Ranked 2 of 20 sightseeing in Paro

 “Land of the Peaceful Dragon”, ‘The Last Shangri-La’ and ‘The Hidden Paradise’ are the names by which Bhutan is referred. They are so attributed because of the natural scenic beauty and mesmerizing sights which are dotted by unassuming little towns and settlements which balance themselves on towering Himalayan edges. The charming small town of Paro, lies on the banks of the river of Pa Chhu, two kilometres away from the Paro airport.

History

Across the Pa chhu is the Paro Dzong the construction of which began in 1644 on the order of Zhabdrung Ngawang Namgyal. The Dzong is also known as Paro Rinpung Dzong – “the fortress of the heap of jewels”.

The Dzong was constructed on the foundation of a monastery built by Guru Riponche. It survived a massive earthquake in 1897 and was ravaged and destroyed by fire in 1906. One can catch glimpses of this majestic piece of architectural masterpiece throughout the valley. Undoubtedly it is a high point of Bhutanese architecture.

It was formerly the meeting hall for the National Assembly and now, like most Dzongs, houses both the monastic body and district government offices, including the local courts. It’s worth a visit for its stunning architecture and views. It also houses fourteen shrines and chapel within its premises

The Dzong is built on a steep hillside, and the front courtyard of the administrative section is six metres higher than the courtyard of the monastic portion. The richly carved wood, painted in gold, black and ochre’s, and the towering whitewashed walls exemplify power and wealth. The monastic quarters and their classrooms are also housed here. The positive vibrations experienced when you visit this area are from the murals which are a treat to watch and mesmerizing in their splendour. You can treat yourselves to some incredible views from the far windows which are majestic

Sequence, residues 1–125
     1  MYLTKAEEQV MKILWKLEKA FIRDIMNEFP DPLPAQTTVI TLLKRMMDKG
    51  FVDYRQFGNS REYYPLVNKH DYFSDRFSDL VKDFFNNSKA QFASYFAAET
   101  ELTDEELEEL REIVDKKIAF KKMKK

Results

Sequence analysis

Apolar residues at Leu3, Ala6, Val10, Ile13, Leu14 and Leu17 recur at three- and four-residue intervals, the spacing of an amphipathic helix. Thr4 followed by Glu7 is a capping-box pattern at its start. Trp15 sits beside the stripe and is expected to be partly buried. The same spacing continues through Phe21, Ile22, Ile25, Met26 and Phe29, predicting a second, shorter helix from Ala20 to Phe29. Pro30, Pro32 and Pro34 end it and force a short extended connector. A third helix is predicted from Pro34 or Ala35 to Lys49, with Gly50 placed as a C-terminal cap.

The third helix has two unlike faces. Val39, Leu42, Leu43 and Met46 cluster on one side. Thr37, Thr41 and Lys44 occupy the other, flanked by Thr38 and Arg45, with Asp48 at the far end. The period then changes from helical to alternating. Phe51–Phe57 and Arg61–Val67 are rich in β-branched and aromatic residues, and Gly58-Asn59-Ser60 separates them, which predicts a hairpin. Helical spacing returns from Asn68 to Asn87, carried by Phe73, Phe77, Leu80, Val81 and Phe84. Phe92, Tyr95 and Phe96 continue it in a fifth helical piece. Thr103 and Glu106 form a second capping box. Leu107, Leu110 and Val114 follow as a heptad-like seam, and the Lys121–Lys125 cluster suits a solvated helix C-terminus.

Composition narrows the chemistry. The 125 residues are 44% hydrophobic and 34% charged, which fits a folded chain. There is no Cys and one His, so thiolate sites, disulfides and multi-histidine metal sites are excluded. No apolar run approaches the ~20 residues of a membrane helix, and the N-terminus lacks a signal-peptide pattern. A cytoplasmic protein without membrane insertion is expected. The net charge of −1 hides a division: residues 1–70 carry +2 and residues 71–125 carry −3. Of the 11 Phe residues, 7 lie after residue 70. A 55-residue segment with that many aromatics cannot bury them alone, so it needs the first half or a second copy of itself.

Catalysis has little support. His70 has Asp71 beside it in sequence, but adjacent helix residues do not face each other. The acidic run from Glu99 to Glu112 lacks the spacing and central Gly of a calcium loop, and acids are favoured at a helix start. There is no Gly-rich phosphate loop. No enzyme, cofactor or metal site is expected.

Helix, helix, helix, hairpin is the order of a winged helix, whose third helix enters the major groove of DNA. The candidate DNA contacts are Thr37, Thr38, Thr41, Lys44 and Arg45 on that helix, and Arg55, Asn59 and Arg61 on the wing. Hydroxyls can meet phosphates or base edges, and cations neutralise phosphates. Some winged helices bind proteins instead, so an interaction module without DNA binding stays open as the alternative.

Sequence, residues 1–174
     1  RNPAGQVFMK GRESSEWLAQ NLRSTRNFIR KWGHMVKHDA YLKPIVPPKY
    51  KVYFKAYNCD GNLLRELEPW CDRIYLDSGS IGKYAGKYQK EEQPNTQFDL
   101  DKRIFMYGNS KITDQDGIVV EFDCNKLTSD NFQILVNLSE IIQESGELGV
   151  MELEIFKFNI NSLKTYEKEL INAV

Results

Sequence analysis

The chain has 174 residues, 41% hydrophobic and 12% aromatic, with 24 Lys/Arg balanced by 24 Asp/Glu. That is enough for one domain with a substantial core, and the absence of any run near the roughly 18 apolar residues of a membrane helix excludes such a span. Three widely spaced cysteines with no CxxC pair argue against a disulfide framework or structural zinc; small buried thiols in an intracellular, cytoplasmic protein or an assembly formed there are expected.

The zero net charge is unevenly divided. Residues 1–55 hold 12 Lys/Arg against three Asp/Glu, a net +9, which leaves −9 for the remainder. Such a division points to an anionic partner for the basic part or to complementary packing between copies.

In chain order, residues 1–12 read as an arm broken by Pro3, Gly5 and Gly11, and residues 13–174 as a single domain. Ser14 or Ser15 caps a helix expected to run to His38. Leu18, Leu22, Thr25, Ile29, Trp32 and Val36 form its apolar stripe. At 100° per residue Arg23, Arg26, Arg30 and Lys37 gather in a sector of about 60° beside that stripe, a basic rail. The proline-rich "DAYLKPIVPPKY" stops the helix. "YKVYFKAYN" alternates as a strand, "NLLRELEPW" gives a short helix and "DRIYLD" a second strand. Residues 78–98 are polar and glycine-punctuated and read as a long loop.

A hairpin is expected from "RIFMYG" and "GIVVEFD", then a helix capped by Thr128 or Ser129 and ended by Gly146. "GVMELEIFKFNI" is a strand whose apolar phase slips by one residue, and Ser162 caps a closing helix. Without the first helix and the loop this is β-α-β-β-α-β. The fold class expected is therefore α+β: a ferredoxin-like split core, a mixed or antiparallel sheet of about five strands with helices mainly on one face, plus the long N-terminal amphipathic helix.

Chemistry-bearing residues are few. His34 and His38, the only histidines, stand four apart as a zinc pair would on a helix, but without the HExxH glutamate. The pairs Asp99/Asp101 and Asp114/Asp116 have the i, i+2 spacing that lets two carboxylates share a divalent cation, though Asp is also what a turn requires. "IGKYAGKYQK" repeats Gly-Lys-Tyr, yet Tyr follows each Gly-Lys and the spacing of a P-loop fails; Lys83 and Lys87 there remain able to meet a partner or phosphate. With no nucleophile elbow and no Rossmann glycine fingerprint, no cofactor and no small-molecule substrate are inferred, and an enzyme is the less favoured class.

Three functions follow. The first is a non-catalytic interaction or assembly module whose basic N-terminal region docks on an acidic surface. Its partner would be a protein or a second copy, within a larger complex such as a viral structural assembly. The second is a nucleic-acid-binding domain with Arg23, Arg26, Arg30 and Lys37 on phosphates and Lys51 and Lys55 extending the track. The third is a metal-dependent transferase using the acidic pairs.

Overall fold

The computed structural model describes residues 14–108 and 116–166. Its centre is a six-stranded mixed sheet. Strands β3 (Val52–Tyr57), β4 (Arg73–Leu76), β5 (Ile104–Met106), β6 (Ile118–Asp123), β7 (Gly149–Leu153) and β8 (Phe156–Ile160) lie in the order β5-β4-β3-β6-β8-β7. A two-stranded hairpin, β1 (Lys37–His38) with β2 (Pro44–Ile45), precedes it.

Reason to visit

The first day of the spring Paro Tsechu is held in this courtyard, which fills to bursting point. This festival will be celebrated between 7th April 2017 to 11th April 2017 during this period a series of stylized mask dance rituals are performed by the monks. These dances are performed outside the Dzong where there is a stone paved ground. A huge painted or embroidered religious picture of Guru Rinpoche, more than 18 square meters, is unfurled shortly after dawn on the final day of the Tsechu.

Entry Guidlines

The dzong courtyard is open daily, but on weekends the offices are deserted and most chapels are closed. Tourists from India can enter by producing their Indian ID by which the tickets for entry carry a concession given to citizens of SAARC nations. No hassles of converting currencies as Indian currency is accepted in Bhutan in addition to the local currency where 1Nu is equal to Re.1.00INR

Where to eat

Buddhism has strict rules regarding slaughter of animals, meaning many people are vegetarian. The other great influence comes from Tibet and traditional dishes in Tibet, like momos and fried rice are very common in Bhutan. Plenty of restaurants serve Indian, continental and Chinese cuisine and are spread across Paro.

Tourism is fairly organized and offers attractive packages which could be booked online.


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Photos of Rinpung Dzong

Rinpung Dzong, Paro

Photo by

Thejasvi Bhat

Rinpung Dzong, Paro
Rinpung Dzong, Paro

Photo by

Thejasvi Bhat

Rinpung Dzong, Paro
Rinpung Dzong, Paro

Photo by

Thejasvi Bhat

Rinpung Dzong, Paro
Rinpung Dzong, Paro

Photo by

Thejasvi Bhat

Rinpung Dzong, Paro